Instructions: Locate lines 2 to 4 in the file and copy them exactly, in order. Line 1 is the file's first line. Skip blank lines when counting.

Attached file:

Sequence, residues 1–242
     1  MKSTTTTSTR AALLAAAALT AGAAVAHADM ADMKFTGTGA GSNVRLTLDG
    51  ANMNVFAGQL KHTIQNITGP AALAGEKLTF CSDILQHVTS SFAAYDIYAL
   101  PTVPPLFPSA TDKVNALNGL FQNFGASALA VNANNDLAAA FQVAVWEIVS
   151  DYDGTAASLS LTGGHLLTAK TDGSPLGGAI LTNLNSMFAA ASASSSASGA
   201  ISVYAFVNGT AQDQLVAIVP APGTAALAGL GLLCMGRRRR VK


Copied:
     1  MKSTTTTSTR AALLAAAALT AGAAVAHADM ADMKFTGTGA GSNVRLTLDG
    51  ANMNVFAGQL KHTIQNITGP AALAGEKLTF CSDILQHVTS SFAAYDIYAL
   101  PTVPPLFPSA TDKVNALNGL FQNFGASALA VNANNDLAAA FQVAVWEIVS